This study examined the hypothesis that accumulation of P to toxic levels in plant tissues may explain reported effects of high P in increasing the Zn requirement of plant tissues. It also examined the contribution of other mechanisms to the complex interaction of Zn and P fertilizers on plant growth.
Three levels of Zn and P fertilizers were applied to a siliceous and a ferruginous sand with low and high capacities to react with P, respectively. Application of P fertilizer induced or enhanced symptoms resembling Zn deficiency in subterranean clover (Trifolium subterraneum L.) in three distinct ways:
1) On the ferruginous sand but not on the siliceous sand, it induced Zn-deficiency by depressing Zn absorption.
2) Where P limited growth, additional P depressed Zn concentrations and induced Zn deficiency in plants by promoting growth thus diluting available Zn supplies.
3) Where P did not limit growth, additional P increased P concentrations to toxic levels producing necrotic symptoms in old leaves and depressing growth.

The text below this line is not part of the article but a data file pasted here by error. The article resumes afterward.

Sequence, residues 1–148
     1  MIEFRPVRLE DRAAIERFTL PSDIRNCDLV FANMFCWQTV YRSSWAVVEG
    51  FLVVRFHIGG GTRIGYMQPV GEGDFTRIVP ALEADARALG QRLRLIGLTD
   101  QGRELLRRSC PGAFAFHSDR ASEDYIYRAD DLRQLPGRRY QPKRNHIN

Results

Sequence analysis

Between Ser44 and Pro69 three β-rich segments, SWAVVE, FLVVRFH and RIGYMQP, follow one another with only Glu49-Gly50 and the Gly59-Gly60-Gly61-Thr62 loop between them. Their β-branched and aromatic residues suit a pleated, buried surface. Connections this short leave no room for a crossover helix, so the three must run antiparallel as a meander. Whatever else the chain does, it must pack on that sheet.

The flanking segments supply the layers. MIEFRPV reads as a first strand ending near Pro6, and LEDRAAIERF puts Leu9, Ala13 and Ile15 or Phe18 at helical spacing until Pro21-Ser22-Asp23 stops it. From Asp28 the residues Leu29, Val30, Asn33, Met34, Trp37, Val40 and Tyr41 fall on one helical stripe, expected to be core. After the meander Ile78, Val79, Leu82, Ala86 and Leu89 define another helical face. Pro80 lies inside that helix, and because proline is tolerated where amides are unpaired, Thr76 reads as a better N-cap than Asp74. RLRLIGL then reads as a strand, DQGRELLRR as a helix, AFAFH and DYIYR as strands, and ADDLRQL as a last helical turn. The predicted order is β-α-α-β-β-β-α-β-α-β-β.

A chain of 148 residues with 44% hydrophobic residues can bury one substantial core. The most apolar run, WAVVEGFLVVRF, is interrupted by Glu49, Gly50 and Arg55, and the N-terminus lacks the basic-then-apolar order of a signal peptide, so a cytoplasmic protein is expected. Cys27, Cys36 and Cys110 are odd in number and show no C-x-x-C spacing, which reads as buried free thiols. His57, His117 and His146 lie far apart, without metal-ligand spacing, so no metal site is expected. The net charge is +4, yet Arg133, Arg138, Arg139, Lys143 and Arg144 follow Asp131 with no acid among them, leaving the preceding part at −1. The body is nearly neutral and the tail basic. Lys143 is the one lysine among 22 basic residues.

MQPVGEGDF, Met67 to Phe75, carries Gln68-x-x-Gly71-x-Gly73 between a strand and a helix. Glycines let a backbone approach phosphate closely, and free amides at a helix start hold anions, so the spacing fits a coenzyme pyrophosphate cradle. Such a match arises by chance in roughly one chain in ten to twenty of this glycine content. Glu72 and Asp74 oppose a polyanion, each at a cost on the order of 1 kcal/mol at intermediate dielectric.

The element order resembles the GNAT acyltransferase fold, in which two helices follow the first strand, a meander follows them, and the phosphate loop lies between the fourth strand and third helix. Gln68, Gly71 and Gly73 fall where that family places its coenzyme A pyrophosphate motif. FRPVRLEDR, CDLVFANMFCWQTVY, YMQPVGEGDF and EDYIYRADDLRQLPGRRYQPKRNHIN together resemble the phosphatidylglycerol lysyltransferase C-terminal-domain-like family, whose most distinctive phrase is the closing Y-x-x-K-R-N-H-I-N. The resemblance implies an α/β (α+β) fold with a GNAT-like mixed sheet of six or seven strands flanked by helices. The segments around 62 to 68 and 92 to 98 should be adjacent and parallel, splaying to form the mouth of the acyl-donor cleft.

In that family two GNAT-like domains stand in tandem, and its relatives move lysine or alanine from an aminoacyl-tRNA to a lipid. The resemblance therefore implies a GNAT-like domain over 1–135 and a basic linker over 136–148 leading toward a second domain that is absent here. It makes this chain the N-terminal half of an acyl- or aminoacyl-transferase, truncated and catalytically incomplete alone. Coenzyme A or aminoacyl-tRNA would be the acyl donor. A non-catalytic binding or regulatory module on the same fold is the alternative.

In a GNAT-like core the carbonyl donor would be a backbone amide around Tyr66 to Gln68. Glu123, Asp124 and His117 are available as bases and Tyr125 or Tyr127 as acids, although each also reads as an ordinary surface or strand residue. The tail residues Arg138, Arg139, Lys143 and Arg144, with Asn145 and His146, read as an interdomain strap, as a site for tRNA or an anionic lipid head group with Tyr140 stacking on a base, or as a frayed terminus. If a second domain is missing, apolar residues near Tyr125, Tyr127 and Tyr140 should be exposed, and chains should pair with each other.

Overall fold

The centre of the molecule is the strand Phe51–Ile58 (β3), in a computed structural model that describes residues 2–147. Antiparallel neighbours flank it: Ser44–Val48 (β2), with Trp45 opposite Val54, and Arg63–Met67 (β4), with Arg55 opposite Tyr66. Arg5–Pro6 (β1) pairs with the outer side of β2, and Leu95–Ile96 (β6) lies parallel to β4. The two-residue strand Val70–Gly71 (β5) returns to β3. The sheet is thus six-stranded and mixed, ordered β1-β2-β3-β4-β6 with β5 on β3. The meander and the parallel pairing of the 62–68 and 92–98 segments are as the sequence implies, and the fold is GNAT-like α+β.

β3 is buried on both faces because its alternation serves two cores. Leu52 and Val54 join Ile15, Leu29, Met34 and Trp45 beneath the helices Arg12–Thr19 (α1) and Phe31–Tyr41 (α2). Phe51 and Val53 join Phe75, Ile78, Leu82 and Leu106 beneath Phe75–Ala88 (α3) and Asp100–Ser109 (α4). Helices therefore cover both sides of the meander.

Where plant tops had high Zn concentrations (> 40µg/g), P toxicity produced nectrotic symptoms in the absence of any of the characteristic symptoms of Zn deficiency. Where plant tops had low Zn concentrations (< 16µg/g), the necrotic symptoms developed in addition to the characteristic Zn-deficiency symptoms of bronzing and chlorosis of old leaves and “little leaf” of young leaves thus strongly enhancing the apparent severity of Zn deficiency. Zn deficiency strongly enhanced P toxicity at the middle and high levels of P application apparently by limiting plant growth and concentrating the available P in plant tissues.
The enhancement of P toxicity by Zn deficiency explains reports that high P increases Zn requirements of plant tissues. It will occur more easily in plants grown in sand and water culture than in plants grown on soils with some capacity to react with P.